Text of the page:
Can you open someone else's mail?

by @edent | # # # # | Read ~896 times.

This is mostly written so I can copy-and-paste it on to forums where people keep getting this basic information wrong.

If you’ve ever moved house, you’ll know how annoying it is to receive mail for the previous occupants. When those letters have a big red BAILIFFS ARE COMING warning on them – it is especially distressing.

The relevant section of the law is:

A person commits an offence if, intending to act to a person’s detriment and without reasonable excuse, he opens a postal packet which he knows or reasonably suspects has been incorrectly delivered to him.
Postal Services Act 2000 – Offences in relation to Postal Services – 84 (3)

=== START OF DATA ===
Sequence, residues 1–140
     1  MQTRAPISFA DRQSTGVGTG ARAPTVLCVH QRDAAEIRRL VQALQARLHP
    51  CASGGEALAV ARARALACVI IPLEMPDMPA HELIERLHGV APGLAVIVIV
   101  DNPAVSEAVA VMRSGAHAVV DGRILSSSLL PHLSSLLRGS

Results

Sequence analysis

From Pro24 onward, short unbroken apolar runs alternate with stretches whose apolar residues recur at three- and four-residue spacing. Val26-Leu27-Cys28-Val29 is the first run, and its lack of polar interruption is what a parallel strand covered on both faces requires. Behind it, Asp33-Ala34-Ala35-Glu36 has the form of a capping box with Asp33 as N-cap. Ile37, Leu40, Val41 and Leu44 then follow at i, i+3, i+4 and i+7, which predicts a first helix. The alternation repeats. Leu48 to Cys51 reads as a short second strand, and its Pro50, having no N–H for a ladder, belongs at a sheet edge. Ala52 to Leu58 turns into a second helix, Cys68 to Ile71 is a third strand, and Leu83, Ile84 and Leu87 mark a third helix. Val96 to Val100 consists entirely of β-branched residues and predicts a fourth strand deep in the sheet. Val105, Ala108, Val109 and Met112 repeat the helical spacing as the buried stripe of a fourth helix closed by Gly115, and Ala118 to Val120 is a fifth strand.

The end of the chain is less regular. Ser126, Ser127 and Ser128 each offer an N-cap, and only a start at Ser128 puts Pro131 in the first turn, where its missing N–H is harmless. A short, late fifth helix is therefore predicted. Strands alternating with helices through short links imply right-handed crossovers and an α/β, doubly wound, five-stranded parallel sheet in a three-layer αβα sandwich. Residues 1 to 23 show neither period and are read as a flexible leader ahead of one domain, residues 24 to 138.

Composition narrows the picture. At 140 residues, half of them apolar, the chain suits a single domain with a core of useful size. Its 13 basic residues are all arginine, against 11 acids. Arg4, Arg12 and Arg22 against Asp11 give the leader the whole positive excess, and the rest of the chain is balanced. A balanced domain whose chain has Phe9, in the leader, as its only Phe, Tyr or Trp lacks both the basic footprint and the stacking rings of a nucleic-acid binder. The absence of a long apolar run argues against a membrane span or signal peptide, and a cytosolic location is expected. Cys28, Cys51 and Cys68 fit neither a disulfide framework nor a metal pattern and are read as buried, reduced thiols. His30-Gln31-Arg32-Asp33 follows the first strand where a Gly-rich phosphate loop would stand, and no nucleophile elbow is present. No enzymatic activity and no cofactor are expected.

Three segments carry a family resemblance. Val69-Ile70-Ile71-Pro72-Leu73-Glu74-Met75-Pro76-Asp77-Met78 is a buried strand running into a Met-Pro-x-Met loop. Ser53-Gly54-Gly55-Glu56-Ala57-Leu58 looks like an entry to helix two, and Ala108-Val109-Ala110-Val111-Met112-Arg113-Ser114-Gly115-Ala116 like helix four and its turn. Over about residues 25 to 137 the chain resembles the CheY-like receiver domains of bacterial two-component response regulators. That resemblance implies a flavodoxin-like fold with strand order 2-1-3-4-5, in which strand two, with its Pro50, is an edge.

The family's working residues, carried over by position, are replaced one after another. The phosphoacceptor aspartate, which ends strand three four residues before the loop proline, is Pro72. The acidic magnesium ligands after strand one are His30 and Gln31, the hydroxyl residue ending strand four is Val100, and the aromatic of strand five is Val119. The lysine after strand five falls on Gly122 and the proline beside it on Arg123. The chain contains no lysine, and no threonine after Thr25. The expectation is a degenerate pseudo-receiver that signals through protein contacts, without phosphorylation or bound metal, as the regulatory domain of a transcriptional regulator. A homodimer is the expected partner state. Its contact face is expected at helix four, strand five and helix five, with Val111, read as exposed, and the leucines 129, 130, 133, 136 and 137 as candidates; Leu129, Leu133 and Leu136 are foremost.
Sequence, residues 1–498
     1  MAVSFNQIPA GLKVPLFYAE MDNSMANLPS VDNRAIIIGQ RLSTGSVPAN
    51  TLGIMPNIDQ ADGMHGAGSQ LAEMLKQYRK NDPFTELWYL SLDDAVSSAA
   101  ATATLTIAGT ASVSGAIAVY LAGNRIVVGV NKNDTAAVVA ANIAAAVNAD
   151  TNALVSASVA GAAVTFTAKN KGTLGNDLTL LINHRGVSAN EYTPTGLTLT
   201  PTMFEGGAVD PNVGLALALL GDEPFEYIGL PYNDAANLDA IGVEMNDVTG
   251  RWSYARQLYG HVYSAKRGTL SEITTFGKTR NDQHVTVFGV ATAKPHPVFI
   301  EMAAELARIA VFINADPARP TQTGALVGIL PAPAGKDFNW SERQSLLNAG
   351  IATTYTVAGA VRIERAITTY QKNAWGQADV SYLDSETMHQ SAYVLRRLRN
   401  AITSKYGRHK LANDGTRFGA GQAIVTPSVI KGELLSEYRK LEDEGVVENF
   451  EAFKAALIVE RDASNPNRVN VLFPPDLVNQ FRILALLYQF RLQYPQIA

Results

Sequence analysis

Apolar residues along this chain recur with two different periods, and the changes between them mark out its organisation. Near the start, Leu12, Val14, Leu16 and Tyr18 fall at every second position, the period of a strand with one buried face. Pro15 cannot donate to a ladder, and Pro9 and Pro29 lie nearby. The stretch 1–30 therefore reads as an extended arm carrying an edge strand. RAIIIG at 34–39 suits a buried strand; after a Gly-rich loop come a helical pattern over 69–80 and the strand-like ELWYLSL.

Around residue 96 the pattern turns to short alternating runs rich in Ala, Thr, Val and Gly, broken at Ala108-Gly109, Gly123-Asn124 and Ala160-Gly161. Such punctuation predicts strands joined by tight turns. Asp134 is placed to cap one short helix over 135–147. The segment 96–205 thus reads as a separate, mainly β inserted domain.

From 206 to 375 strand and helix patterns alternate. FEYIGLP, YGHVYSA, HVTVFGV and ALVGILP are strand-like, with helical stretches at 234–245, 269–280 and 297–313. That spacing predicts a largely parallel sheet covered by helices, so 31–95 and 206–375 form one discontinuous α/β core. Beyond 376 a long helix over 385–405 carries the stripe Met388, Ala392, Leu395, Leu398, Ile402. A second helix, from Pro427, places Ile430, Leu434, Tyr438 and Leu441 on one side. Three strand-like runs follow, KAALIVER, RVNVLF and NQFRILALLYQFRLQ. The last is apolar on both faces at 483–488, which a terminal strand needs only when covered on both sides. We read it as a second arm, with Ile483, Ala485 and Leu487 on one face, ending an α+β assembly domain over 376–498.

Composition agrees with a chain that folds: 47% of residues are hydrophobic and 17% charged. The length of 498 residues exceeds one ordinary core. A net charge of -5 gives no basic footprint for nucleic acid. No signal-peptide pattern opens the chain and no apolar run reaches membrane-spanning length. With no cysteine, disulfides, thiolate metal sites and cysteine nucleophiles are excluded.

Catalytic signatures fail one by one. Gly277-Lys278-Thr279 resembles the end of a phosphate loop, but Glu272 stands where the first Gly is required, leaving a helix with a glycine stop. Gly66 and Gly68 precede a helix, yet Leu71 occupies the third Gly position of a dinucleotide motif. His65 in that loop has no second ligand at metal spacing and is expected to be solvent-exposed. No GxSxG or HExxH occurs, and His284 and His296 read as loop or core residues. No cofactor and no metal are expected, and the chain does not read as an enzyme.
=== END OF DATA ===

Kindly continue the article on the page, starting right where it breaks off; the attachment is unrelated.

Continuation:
You’ve just received a credit card through the post for the last tenant.

If you open it intending to steal money – that would be an offence.

If you open it because you’re nosey – that is not a reasonable excuse.

If you open it so that you can call the company and let them know that their customer has moved – that would not be to someone’s detriment, and would be a reasonable excuse.

That’s what I do – several years after moving in and we’re still getting post for the previous lot! A quick phone call is enough to stop most offenders. Occasionally a financial firm will be a bit sniffy about me not being able to confirm the recipient’s account details – but most are happy to be informed.

It would be sensible to securely dispose of any mail afterwards – or mark it “return to sender – not at this address”. But, yes, you can open misaddressed mail if you want to let the sender know their mistake.

I am not a lawyer – this is not legal advice!

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